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U.S. Insider Trading Laws Are Getting Reimagined, But Not Without Concerns

By The Daily Upside – Jul 26, 2021 at 10:00PM

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From Wall Street's Gordon Gekko to Billions' Bobby Axelrod, there are miles of film reel depicting high-rolling investors making underhanded...

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From Wall Street's Gordon Gekko to Billions' Bobby Axelrod, there are miles of film reel depicting high-rolling investors making underhanded insider trading moves. What might surprise you is that insider trading is technically not prohibited under U.S. law.

But that could soon change. The House recently passed the Insider Trading Prohibition Act. If it clears the Senate, the act of improperly buying or selling stock after obtaining material, non-public information will be illegal. But concerns are mounting that the law could disrupt the work of legitimate traders.

White-Collar Watch

Without a law on the books to explicitly define and criminalize insider trading, prosecutors and the SEC have used a patchwork of general fraud statutes, like the Securities Exchange Act, to go after sordid trading:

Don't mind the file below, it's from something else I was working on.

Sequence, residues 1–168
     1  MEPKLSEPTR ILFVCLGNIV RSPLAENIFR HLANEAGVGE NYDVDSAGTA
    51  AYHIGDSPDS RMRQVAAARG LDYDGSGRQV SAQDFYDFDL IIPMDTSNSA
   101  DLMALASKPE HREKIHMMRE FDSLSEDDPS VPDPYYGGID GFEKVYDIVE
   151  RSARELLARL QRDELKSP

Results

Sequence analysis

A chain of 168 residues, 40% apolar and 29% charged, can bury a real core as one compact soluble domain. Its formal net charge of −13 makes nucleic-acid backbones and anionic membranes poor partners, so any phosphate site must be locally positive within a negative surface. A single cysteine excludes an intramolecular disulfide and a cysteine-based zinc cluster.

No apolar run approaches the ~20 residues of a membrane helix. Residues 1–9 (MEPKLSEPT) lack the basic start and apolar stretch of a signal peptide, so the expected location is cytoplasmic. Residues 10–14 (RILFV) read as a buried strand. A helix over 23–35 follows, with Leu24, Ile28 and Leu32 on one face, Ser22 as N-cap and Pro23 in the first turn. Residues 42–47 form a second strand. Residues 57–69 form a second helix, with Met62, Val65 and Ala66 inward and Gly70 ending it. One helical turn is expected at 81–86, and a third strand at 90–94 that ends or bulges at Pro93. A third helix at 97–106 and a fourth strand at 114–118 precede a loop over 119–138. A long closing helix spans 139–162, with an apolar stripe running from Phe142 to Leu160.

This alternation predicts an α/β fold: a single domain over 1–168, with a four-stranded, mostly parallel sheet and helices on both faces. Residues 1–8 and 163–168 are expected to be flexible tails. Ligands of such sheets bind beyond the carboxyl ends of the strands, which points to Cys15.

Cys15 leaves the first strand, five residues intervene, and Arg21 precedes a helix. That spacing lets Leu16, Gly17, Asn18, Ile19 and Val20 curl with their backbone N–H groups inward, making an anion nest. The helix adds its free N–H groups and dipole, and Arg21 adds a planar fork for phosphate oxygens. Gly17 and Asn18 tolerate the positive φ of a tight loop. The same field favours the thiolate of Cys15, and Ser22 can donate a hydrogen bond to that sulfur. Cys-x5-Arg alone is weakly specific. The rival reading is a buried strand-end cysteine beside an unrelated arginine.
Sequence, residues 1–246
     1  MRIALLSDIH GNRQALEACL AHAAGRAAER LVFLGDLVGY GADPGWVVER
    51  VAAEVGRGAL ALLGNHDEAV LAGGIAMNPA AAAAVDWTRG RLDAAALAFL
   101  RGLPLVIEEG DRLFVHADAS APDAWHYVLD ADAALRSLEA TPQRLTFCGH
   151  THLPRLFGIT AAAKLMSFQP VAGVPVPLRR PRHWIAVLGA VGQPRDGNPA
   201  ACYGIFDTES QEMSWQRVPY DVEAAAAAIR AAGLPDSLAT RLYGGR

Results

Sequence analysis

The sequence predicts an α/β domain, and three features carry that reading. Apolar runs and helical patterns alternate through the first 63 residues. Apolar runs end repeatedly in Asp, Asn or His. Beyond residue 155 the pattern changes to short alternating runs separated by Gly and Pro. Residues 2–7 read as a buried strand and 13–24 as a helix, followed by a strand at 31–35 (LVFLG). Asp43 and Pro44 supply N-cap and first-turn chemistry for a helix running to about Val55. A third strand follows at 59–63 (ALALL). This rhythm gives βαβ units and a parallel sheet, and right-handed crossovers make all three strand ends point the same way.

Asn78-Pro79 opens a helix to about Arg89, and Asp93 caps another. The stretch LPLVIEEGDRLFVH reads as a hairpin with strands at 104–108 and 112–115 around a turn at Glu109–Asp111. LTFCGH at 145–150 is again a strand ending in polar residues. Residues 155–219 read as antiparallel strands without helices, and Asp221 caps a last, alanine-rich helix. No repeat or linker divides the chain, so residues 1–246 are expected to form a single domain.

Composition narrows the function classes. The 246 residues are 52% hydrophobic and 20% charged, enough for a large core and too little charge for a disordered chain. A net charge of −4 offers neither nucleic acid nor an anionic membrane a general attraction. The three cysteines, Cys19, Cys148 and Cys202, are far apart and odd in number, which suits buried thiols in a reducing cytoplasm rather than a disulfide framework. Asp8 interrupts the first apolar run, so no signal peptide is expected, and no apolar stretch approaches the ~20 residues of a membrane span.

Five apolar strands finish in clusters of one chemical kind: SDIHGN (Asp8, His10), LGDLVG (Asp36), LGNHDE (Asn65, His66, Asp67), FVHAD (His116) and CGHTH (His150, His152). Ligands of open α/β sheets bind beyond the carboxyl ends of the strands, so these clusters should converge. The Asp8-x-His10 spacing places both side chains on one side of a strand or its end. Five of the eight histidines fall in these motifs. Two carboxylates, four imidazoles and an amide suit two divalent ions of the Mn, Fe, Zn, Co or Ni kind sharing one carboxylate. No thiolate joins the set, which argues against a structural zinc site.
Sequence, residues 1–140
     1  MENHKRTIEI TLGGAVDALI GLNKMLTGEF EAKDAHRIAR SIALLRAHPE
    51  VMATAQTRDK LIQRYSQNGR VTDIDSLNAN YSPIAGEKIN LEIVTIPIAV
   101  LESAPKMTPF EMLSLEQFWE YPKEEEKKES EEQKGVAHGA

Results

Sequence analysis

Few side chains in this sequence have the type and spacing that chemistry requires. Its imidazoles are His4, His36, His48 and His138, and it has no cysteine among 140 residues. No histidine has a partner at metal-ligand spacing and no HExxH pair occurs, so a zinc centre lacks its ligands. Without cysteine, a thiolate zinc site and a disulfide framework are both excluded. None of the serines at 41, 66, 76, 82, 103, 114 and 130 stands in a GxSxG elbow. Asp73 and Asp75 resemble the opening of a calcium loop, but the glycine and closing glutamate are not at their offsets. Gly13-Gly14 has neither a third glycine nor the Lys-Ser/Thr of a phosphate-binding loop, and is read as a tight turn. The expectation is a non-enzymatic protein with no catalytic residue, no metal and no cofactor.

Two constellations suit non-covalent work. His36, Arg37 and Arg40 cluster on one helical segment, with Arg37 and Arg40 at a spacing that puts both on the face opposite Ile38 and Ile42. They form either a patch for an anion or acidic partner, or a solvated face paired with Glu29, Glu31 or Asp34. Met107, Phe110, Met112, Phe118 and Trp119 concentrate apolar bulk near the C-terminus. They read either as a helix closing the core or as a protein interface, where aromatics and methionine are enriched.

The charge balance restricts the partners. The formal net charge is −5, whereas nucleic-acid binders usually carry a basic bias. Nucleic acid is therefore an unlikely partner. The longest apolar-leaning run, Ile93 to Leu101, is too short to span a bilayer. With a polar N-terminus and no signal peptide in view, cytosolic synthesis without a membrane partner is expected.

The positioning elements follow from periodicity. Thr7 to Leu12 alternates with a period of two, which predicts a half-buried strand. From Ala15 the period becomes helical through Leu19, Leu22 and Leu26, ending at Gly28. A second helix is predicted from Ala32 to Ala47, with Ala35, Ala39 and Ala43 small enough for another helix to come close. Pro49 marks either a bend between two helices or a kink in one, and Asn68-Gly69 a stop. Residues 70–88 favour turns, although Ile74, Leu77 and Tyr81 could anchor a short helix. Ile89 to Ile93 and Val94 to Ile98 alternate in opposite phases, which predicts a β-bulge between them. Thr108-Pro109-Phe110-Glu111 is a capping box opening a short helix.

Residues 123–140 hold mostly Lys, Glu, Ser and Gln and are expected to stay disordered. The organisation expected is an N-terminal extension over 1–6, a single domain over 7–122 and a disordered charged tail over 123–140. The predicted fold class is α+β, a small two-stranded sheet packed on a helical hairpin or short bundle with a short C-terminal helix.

• In 2020 alone, the SEC employed 1,300 staff in its Enforcement Division and spent $550 million on investigating and prosecuting insider trading using fraud statutes. Researchers at Duke, meanwhile, estimate the probability of detecting and prosecuting insider trading is only 15%.
  • The legal standing for prosecutions was sapped considerably in 2014 when the convictions of hedge fund managers Todd Newman and Anthony Chiasson were overturned. The court ruled prosecutors needed to prove a trader knew that the "tipper" (the source of the insider info) benefited from the exchange of information.

The bill before the Senate would outlaw insiders from trading or tipping in exchange for a "direct or indirect personal benefit." It also states prosecutors don't have to prove a trader knew the info was exchanged for benefit, only that they recklessly ignored its illicit source, thus negating the Newman ruling.

Potential Side Effects: Extensive research is routine for stock traders, and many insider trading cases come down to fuzzy scenarios of analysts seeking an "edge." Distinguished UCLA financial law professor Stephen Bainbridge wrote the proposed legislation could "expand the scope of insider trading in undesirable ways," leading to apprehension among stockbrokers attempting to do legitimate research.

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